Broken Sword goes Tomb Raider!
So the more astute of you will probably have noticed a theme emerging in my reviews lately. For those who haven’t noticed, I have been reviewing the ‘Broken Sword’ series. Part of the reason for this is that I’m currently not in a position of having any new games to review, and so have decided to re-visit some classics, and part of the reason is that it’s strongly rumoured (through leaks/hints from Charles Cecil, Rolf Saxon, and Revolution’s Facebook page) that a fifth game is in the pipeline, and that with this instalment, the series will return to its’ 2D roots. Anyway, not wanting to build anyone’s hopes up too much (although I’m pretty psyched), I’ll write more on that when/if the game is announced. The third instalment of the Broken Sword series is a fairly radical departure from the previous two instalments. The first thing the player will notice upon starting the game (if the game’s box didn’t make it obvious enough) is that the game has taken the plunge into the third dimension, and as such has become a very different animal to the simple point-and-click interface that worked so well in the first and second games. That said, The Sleeping Dragon does still manage to feel familiar, and doesn’t totally alienate the player from what they would have been used to in the previous games. As the game opens, we find the series’ hero George Stobbart traveling to Congo to write a patent for a machine, which a professor there claims can provide limitless clean energy. Upon arriving (after the plane he is traveling in is downed by a freak lightning storm), he sees the professor being murdered, and is propelled on yet another quest to save the world, this time by stopping a group of rogue Neo-Templars and their leader, Susarro, from harnessing mythical ‘dragon energy’ built up in ley lines to gain immeasurable power and immortality. With a third dimension being added, the game has obviously somewhat changed in nature, and the developers were afforded the opportunity to come up with some much more creative puzzles, and different ways of tackling familiar problems. With this in mind, I found it quite disappointing that such a large portion of the puzzles in the game were either block-moving puzzles or platform jumping puzzles. That said, I can’t criticize the game too harshly, as it does also contain some very intuitive puzzles, and the repetitive nature of other puzzles doesn’t manage to detract too much from the extremely engaging story.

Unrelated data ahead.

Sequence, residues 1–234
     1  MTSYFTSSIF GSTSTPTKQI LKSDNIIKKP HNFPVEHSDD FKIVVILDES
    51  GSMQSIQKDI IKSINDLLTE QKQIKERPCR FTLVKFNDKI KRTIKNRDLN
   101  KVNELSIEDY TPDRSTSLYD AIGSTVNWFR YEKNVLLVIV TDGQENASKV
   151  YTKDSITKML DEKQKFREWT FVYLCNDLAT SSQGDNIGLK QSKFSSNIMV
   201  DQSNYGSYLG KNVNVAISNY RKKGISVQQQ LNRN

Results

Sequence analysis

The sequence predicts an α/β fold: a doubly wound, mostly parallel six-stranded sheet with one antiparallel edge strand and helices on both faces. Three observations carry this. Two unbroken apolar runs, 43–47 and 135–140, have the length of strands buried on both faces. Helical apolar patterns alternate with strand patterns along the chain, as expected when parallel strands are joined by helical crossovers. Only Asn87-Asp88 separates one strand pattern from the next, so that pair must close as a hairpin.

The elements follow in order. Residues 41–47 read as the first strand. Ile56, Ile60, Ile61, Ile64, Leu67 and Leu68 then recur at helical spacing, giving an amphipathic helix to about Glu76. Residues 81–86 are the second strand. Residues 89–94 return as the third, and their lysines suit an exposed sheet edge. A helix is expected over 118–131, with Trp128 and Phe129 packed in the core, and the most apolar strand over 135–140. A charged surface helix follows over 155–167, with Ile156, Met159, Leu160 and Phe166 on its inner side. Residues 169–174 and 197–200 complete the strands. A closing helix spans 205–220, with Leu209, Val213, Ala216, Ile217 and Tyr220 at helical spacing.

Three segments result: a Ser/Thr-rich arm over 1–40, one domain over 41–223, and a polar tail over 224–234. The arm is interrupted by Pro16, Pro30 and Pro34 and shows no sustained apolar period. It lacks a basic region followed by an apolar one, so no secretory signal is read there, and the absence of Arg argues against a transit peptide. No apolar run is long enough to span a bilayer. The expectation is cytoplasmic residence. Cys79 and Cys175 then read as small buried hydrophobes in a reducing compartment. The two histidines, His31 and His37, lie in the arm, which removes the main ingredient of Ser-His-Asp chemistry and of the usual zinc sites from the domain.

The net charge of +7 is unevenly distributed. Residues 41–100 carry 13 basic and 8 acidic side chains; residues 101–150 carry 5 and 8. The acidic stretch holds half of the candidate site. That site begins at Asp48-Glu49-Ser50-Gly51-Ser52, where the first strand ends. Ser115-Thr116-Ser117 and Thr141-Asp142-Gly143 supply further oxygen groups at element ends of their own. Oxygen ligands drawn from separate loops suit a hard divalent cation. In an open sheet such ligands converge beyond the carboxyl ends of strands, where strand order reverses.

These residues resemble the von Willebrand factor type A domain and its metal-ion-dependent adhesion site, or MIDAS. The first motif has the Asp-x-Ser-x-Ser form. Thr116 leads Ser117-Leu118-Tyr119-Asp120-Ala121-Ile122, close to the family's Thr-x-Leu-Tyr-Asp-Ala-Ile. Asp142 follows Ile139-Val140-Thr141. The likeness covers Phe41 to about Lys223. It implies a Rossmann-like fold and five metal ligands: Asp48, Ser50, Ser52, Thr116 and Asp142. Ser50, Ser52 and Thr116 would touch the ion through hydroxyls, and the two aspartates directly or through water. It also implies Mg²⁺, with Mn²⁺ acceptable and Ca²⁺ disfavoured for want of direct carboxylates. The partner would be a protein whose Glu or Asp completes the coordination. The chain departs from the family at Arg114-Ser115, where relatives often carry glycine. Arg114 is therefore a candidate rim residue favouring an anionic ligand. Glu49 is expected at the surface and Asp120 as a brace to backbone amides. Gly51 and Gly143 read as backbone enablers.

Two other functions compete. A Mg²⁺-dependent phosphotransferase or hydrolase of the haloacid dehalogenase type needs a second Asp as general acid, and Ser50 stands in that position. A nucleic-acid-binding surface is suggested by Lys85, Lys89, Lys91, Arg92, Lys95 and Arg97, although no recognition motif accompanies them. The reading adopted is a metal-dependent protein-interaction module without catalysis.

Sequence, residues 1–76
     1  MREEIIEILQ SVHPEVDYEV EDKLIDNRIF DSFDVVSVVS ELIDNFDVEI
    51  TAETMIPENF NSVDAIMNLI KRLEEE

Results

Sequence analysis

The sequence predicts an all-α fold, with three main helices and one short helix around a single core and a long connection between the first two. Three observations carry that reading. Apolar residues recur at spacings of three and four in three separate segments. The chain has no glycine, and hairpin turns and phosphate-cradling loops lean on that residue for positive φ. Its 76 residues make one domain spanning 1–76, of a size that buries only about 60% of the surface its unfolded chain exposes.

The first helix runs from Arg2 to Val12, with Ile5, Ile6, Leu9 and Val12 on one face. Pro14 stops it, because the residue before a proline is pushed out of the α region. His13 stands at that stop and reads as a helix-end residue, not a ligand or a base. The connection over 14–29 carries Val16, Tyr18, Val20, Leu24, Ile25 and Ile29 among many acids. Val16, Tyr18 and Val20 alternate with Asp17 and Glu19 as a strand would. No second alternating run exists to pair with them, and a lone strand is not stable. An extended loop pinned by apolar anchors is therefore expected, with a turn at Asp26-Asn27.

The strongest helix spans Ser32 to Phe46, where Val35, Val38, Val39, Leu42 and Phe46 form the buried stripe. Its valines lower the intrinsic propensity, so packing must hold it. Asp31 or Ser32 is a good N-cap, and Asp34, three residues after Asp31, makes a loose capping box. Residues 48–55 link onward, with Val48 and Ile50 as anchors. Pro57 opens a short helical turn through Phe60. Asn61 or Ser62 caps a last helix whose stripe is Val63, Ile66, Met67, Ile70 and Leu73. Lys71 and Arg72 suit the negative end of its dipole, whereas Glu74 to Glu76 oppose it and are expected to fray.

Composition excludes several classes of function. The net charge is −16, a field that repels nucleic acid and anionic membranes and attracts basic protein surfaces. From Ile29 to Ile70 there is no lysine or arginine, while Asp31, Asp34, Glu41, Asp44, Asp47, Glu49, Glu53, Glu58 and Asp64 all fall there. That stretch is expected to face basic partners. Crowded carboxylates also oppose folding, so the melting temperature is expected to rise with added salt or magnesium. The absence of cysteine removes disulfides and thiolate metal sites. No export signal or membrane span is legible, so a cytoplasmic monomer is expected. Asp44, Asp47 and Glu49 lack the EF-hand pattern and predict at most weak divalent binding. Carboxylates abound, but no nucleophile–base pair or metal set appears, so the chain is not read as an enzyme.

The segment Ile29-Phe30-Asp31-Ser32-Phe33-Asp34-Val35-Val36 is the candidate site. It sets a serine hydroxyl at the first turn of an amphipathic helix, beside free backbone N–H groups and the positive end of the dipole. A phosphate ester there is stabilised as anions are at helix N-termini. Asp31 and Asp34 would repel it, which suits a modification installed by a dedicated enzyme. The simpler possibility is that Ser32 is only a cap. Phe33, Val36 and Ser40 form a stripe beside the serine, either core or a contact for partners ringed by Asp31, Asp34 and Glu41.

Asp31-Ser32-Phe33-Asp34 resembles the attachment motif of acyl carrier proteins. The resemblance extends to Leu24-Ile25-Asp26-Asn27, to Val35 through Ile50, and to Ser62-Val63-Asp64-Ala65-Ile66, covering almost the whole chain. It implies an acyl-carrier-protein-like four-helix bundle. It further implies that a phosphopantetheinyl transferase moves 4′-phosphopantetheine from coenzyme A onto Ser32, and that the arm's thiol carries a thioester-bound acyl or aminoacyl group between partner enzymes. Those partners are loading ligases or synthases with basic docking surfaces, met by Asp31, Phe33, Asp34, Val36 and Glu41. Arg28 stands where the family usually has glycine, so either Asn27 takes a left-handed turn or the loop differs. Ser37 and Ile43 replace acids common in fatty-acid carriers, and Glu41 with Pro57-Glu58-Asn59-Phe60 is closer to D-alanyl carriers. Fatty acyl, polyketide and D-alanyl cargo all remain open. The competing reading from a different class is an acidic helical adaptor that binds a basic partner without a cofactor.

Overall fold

Despite the fact that The Sleeping Dragon is far from a work of technical perfection, it is still extremely playable, and the story won’t fail to captivate the player
Another noticeable change is the interface, which no longer uses a point-and-click system, but entirely relies on the keyboard for both movement and interaction. Sadly, much like the otherwise ineffable Grim Fandango, the interface feels clunky and takes some getting used to, and at times the camera angles used can make certain segments pretty difficult to complete on the first attempt. This brings me to another slight niggle – while the first two games had certain points where a player could die if they failed to complete an action at the right time, or triggered a certain set of events, The Sleeping Dragon has traded this for a series of quick-time event styled segments, where you have to hit a certain action button at the correct split second in order to avoid death. While this is an interesting approach, it gets annoying very quickly, and breaks the flow of some fairly cinematic sequences. Putting these things aside though, the game does have some very good points. Considering that the game is now 12 years old, the graphics are actually a very strong point, with the facial animation in particular being a stand out feature, which really adds another level of depth to the already very strong host of characters. Unlike The Smoking Mirror, the characters in this game are all very believable, very well voiced, and all contribute to the story and sense of believability. The game is actually a very cinematic experience, with familiarly epic, fitting music, and a story that is paced almost perfectly, and absorbs the player at every turn. Despite the fact that The Sleeping Dragon is far from a work of technical perfection, it is still extremely playable, and the story won’t fail to captivate the player, and pull them through the sometimes gruelling and repetitive puzzles. Overall, while the jump to 3D wasn’t without its glitches, it has made The Sleeping Dragon hugely cinematic, and the combination of a great story and some brilliant characters (including the return of some familiar faces) makes for a great game, and a worthy addition to the series.
The Bad: Clunky Interface,; Repetitive Puzzles,; Annoying Quick-Time Events.